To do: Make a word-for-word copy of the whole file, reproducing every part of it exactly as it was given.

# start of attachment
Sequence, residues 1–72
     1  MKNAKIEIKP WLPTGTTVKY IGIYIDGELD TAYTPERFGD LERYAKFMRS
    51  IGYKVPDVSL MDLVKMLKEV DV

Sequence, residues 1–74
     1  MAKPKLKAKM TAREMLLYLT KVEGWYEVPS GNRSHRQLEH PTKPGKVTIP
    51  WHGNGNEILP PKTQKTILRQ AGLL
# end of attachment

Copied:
Sequence, residues 1–72
     1  MKNAKIEIKP WLPTGTTVKY IGIYIDGELD TAYTPERFGD LERYAKFMRS
    51  IGYKVPDVSL MDLVKMLKEV DV

Sequence, residues 1–74
     1  MAKPKLKAKM TAREMLLYLT KVEGWYEVPS GNRSHRQLEH PTKPGKVTIP
    51  WHGNGNEILP PKTQKTILRQ AGLL